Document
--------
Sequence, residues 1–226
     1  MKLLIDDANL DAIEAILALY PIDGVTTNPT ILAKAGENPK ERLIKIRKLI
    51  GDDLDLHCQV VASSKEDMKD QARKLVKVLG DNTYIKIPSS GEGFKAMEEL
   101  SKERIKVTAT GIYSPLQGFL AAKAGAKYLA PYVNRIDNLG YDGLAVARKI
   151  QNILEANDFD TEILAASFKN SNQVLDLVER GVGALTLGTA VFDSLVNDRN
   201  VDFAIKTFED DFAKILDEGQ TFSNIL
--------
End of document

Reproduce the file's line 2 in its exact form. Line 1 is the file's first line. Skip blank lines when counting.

     1  MKLLIDDANL DAIEAILALY PIDGVTTNPT ILAKAGENPK ERLIKIRKLI